Buy This: Crocodiles – Boys
Well, summertime is almost here and that means it is time for some new psychedelic rock from California. Okay, that’s gonna happen pretty much all year round. But, this time it’s really, really good. I promise. Crocodiles was formed in 2008 by core members Brandon Welchez and Charles Rowell after the break-up of their former punk bands Some Girls and The Plot to Blow Up the Eiffel Tower. Whilst at the same time playing in an early incarnation of Dum Dum Girls (Welchez is married to frontwoman Dee Dee Penny), Crocodiles gained exposure in 2008 after fellow Southern California noise pop band No Age included their single “Neon Jesus” in a list of the year’s best songs. This led to the duo being signed to Mississippi-based label Fat Possum Records, who released the band’s self-recorded debut album Summer of Hate, in April 2009.
In addition to their own recordings, Crocodiles have collaborated with Television Personalities‘ frontman Dan Treacy as well as Dum Dum Girls. Although initially gigging as a two piece, Welchez and Rowell have expanded the band to include a live drummer, bassist and keyboard player. Musicians in the live band have included members of Blank Dogs, The Slits, A Place To Bury Strangers, Cat Power and Dum Dum Girls. With each new release, Crocodiles’ sound has also expanded past the proto-typical two man lo-fi psychedelic mish-mash into something both their own and reminiscent of the recent past.
After touring in support of their debut full-length, the first half of 2010 saw Crocodiles go into a studio in the Mojave Desert with British producer James Ford. The resulting sessions produced the band’s second album Sleep Forever. The record was released by Fat Possum in the September of that year. In September 2011, Rowell and Welchez self-produced their third album, Endless Flowers in Berlin. The album was released in spring of 2012. Crimes of Passion, produced by Sune Rose Wagner of The Raveonettes in Los Angeles, followed in 2013. The break neck pace of production has continued into this week, with the release of their fifth LP Boys on Zoo Music. This time around, the boys decided to take a trip to Mexico City for the recording, and that influence makes itself known in a few spots of the album, as on my personal favorite track “Kool TV” with it’s cha-cha beat and Chicano percussion.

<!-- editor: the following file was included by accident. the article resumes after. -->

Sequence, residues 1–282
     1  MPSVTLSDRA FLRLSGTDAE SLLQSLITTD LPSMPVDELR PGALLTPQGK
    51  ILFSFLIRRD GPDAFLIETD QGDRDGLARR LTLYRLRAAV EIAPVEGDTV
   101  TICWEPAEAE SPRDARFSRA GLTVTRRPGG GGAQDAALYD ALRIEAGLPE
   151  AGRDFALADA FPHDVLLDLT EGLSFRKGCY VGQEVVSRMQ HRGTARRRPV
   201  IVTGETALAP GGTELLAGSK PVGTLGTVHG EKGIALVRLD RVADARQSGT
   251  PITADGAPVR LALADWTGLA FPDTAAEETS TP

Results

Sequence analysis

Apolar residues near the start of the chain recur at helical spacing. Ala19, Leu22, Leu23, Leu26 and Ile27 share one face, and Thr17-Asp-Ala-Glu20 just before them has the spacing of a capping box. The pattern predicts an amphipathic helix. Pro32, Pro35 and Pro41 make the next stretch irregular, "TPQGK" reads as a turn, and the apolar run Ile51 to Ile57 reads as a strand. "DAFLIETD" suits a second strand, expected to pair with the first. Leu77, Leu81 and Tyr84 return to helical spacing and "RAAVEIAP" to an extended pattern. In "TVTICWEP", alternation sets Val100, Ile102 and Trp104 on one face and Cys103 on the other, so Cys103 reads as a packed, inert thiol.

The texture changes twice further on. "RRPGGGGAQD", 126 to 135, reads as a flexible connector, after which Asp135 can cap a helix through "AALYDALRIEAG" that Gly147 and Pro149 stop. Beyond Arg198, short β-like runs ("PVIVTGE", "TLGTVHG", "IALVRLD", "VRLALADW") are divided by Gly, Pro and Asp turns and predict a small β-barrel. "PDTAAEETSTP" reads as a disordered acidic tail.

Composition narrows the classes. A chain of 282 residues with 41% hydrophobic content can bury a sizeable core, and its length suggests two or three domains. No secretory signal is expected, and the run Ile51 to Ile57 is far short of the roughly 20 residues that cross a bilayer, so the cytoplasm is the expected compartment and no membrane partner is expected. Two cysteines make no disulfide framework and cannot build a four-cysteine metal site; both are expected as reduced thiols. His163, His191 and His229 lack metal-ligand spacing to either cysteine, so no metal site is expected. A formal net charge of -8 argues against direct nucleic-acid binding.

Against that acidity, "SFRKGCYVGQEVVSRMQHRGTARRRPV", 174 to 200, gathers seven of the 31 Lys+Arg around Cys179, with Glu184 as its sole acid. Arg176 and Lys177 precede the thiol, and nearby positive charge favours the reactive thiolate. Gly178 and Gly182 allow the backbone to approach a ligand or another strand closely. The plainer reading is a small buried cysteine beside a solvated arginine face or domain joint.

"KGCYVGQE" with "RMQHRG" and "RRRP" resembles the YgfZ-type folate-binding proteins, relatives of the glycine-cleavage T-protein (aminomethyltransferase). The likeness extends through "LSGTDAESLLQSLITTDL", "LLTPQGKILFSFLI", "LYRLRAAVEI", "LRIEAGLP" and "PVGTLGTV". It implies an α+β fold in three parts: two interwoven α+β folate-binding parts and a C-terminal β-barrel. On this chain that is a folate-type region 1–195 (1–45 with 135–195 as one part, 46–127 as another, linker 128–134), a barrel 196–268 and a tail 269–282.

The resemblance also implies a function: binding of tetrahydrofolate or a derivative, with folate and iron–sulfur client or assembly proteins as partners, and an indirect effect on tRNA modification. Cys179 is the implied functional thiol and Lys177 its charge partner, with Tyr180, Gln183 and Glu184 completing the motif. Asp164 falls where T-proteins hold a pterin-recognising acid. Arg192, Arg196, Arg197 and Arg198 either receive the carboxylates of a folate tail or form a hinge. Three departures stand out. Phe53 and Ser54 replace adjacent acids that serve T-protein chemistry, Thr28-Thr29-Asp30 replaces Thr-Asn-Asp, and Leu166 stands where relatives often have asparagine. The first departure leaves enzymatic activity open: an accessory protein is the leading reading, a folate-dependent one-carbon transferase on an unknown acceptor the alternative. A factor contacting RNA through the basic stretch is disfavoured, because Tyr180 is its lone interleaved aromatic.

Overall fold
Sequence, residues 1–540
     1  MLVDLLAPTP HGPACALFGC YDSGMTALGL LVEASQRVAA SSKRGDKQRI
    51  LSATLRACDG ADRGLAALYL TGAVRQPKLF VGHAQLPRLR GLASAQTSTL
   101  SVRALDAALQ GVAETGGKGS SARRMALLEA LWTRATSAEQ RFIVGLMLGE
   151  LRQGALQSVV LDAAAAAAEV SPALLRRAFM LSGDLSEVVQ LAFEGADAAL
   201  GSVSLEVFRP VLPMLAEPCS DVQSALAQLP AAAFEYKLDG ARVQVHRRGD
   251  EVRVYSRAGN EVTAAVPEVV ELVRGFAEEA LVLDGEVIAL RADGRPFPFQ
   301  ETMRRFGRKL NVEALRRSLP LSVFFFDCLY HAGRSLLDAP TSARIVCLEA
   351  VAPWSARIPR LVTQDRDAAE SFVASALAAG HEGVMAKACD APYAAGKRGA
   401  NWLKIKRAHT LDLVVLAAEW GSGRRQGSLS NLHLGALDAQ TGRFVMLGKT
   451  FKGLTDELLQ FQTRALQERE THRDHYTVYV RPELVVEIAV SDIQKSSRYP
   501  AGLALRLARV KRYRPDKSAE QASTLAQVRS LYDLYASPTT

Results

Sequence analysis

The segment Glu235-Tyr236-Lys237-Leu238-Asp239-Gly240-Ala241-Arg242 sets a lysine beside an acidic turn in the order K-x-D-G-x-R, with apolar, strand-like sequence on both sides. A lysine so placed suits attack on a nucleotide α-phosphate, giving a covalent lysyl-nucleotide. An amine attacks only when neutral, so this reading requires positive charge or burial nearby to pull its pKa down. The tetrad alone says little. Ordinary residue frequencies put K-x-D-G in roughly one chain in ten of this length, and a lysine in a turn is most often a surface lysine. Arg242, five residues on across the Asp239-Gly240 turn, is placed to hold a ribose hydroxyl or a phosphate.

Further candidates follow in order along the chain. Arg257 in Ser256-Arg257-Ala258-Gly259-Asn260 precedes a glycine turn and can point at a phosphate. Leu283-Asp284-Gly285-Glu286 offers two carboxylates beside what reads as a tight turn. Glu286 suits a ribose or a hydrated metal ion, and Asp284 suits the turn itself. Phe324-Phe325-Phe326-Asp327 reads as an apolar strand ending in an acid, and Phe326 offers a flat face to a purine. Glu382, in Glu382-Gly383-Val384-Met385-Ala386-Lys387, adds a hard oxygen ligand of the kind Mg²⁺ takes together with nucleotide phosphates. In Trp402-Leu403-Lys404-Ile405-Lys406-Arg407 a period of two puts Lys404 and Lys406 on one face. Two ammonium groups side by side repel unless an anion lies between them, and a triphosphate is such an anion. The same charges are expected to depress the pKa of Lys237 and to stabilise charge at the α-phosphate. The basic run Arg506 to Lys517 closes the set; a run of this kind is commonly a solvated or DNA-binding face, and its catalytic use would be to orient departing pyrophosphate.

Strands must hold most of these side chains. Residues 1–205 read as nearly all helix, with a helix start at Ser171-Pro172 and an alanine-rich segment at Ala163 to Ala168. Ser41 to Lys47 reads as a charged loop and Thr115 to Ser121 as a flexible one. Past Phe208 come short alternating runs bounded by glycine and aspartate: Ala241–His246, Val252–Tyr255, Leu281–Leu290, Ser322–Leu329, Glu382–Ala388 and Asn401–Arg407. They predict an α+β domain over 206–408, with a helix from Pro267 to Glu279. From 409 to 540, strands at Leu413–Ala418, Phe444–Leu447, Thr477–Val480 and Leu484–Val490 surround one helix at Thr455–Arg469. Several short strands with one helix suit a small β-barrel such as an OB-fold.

There have been a lot of great bands to come out of California in the last decade that are using the Jesus & Mary Chain/Echo & the Bunnymen blueprint for psychedelic rock. Crocodiles is in that vein, but are exploring a key element of that sound that all of their contemporaries have seemingly forgotten; the Jesus & Mary Chain were clearly not taking themselves too seriously. Crocodiles go beyond the dark, hazy production filters to include this kind of silly, self-effacing Beach Boy swagger. How could there be so many bands in California listening to Psychocandy and nobody else is picking up the beach rock reference? That just seems wrong. This little bit of lightheartedness goes a long way to keeping their music more lively than you might find from the standard goofball psych act coming out of San Francisco. I pause a little in going too far with the J & M comparison however, because Welchez and Rowell actually do a lot of work to include other sounds into their own mix. Boys is easily the best example of those variations yet. Here, you’ll find nods to Bossa Nova lounge (“Don’t Look Up”), Manchester dance (“Crybaby Demon”), and Eno-esque glam (“Transylvania”). There is even a roller rink disco track (“Foolin’ Around”).
This is the most widely influenced record that Crocodiles have released yet and, I would argue, it is also their best. Almost everything about Boys is the porridge that was just right. From the psychedelic production to the sardonic pop culture references to even the silly little love songs, the boys make sure to do everything just enough to avoid traipsing into the land of cliche and gloss all of it over with the kind of forever cool rock attitude that makes you think they wear shades on the subway. Crocodiles give life to long familiar tropes by giving everything their own Edgar Wright/Simon Pegg treatment; spoof and homage at the same time. As a result, Boys will be making plenty of rounds on my headphones and I suspect we’ll be talking about it a lot when the time comes to talk about the best albums of 2015.